Those Observing an Instructor for The Observer’s Benefit

Those who will be observing an instructor primarily for their own benefit (such as shadowing an instructor to learn from their teaching practice or to get a better sense of the typical components of a particular course), might consider the following:

  • Asking for a copy of the syllabus and gaining familiarity with the course goals in advance.
  • Having a discussion with the instructor prior to or after the observation in order to ask questions about their teaching practice, their particular approaches in the observed class, etc.
  • Preparing a list of criteria you plan to focus on, perhaps related to areas of your own teaching you want to reflect on or improve.

Those Observing an Instructor to Provide Feedback

Those who will be observing an instructor will the primary goal of providing constructive feedback, might consider:

  • Asking for a copy of the syllabus and gaining familiarity with the course goals in advance.
  • Gaining familiarity with the role of the course in its larger educational setting (such as asking about the level of the course, any prerequisites or pre-existing knowledge it assumes, and/or its role in degree or credentialing requirements.)
  • Preparing a list of criteria on which to provide feedback, perhaps in conjunction with the instructor being observed. (A list of sample observation forms and model questions is provided at the end of this resource.)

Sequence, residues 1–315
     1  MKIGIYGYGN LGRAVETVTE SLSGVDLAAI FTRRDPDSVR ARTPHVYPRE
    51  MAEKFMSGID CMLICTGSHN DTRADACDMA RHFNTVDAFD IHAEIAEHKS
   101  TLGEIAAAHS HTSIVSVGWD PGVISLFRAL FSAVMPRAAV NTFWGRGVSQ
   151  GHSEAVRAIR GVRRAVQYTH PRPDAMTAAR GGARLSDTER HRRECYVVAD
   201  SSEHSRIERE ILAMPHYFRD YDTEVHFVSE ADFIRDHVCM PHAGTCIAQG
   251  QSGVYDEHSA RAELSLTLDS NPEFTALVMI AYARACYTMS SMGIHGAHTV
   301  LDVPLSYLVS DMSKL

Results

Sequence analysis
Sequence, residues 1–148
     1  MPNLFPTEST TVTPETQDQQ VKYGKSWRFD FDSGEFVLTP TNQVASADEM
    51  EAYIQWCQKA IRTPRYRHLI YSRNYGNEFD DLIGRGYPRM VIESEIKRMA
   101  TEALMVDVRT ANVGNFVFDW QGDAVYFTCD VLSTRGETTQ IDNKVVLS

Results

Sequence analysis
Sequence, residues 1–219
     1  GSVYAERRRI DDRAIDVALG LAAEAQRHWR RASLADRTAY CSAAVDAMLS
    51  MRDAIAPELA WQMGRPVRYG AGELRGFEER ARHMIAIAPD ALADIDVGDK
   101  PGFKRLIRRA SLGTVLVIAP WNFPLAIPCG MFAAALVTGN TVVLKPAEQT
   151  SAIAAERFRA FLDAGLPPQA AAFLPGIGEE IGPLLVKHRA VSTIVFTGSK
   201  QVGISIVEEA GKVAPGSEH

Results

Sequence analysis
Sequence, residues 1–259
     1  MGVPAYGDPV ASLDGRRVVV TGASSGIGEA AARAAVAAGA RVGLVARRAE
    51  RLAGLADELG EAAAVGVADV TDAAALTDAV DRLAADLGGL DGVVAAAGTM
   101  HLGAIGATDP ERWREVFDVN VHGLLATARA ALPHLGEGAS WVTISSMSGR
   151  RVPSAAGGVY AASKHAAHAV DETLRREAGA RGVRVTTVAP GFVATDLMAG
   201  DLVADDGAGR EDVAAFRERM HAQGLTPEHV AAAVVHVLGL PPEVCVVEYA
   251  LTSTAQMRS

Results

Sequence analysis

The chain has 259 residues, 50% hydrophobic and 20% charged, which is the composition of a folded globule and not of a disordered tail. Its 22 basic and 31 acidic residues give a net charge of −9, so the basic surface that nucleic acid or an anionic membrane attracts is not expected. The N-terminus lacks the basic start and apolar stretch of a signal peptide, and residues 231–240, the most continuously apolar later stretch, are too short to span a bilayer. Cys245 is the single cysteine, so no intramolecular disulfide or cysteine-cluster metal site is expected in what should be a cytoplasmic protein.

• Taking notes and sharing them with the instructor.

While there’s no one right way to go about conducting a teaching observation, there are a few practices that researchers and practitioners tend to caution against, including: 

  • Participating in the class (i.e. making comments or asking questions).
  • Talking to students about their opinion of the course or the instructor.
  • Setting expectations for the instructor according to their own teaching styles or goals.
  • Exclusively identifying problems and areas needing improvement (positive feedback and the identification of successful teaching approaches can be just as beneficial for instructors in developing their teaching practice).

Instructors Being Observed to Gain Feedback

Instructors whose teaching will be observed, especially if for the purpose of gaining constructive feedback and developing a reflective teaching practice, may wish to consider:

  • The selection of an observer – if the instructor has the opportunity to select a particular observer who will be giving feedback, consider someone who is familiar with the course goals and/or the general subject matter.
  • Sharing the course syllabus with the observer, goals for the class period, and any assignments or readings that students must do for the observed class period in advance of the observation.
  • Identifying several criteria for the observer to focus their attention and feedback in advance of the observation.
  • Introducing the observer at the beginning of class, informing students about the general purpose for the teaching observation, and letting them know they are not being evaluated.
  • Keeping any feedback received from teaching observations for the purpose of evaluating development in teaching overtime or for a teaching portfolio.